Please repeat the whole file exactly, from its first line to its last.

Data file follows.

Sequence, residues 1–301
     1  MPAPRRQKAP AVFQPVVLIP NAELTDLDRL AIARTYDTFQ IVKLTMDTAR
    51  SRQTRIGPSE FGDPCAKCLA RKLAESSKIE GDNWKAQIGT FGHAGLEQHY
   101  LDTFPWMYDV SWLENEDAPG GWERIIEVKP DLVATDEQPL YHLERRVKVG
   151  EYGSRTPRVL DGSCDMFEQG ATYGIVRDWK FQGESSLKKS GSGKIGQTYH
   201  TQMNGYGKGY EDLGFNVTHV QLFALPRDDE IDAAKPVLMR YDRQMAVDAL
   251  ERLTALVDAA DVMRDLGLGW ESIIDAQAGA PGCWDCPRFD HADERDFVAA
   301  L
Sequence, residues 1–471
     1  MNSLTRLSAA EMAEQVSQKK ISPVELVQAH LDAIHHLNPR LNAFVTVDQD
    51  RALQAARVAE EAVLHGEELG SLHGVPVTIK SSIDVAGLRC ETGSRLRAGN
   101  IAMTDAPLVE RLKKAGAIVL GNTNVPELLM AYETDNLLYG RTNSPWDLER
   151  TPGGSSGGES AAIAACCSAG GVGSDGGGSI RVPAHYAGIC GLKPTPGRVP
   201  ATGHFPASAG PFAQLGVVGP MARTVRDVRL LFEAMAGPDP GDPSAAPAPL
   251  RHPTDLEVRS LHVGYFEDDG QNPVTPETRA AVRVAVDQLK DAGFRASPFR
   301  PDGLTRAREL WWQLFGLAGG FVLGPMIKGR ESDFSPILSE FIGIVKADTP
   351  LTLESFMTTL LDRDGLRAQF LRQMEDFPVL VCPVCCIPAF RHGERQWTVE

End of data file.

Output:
Sequence, residues 1–301
     1  MPAPRRQKAP AVFQPVVLIP NAELTDLDRL AIARTYDTFQ IVKLTMDTAR
    51  SRQTRIGPSE FGDPCAKCLA RKLAESSKIE GDNWKAQIGT FGHAGLEQHY
   101  LDTFPWMYDV SWLENEDAPG GWERIIEVKP DLVATDEQPL YHLERRVKVG
   151  EYGSRTPRVL DGSCDMFEQG ATYGIVRDWK FQGESSLKKS GSGKIGQTYH
   201  TQMNGYGKGY EDLGFNVTHV QLFALPRDDE IDAAKPVLMR YDRQMAVDAL
   251  ERLTALVDAA DVMRDLGLGW ESIIDAQAGA PGCWDCPRFD HADERDFVAA
   301  L
Sequence, residues 1–471
     1  MNSLTRLSAA EMAEQVSQKK ISPVELVQAH LDAIHHLNPR LNAFVTVDQD
    51  RALQAARVAE EAVLHGEELG SLHGVPVTIK SSIDVAGLRC ETGSRLRAGN
   101  IAMTDAPLVE RLKKAGAIVL GNTNVPELLM AYETDNLLYG RTNSPWDLER
   151  TPGGSSGGES AAIAACCSAG GVGSDGGGSI RVPAHYAGIC GLKPTPGRVP
   201  ATGHFPASAG PFAQLGVVGP MARTVRDVRL LFEAMAGPDP GDPSAAPAPL
   251  RHPTDLEVRS LHVGYFEDDG QNPVTPETRA AVRVAVDQLK DAGFRASPFR
   301  PDGLTRAREL WWQLFGLAGG FVLGPMIKGR ESDFSPILSE FIGIVKADTP
   351  LTLESFMTTL LDRDGLRAQF LRQMEDFPVL VCPVCCIPAF RHGERQWTVE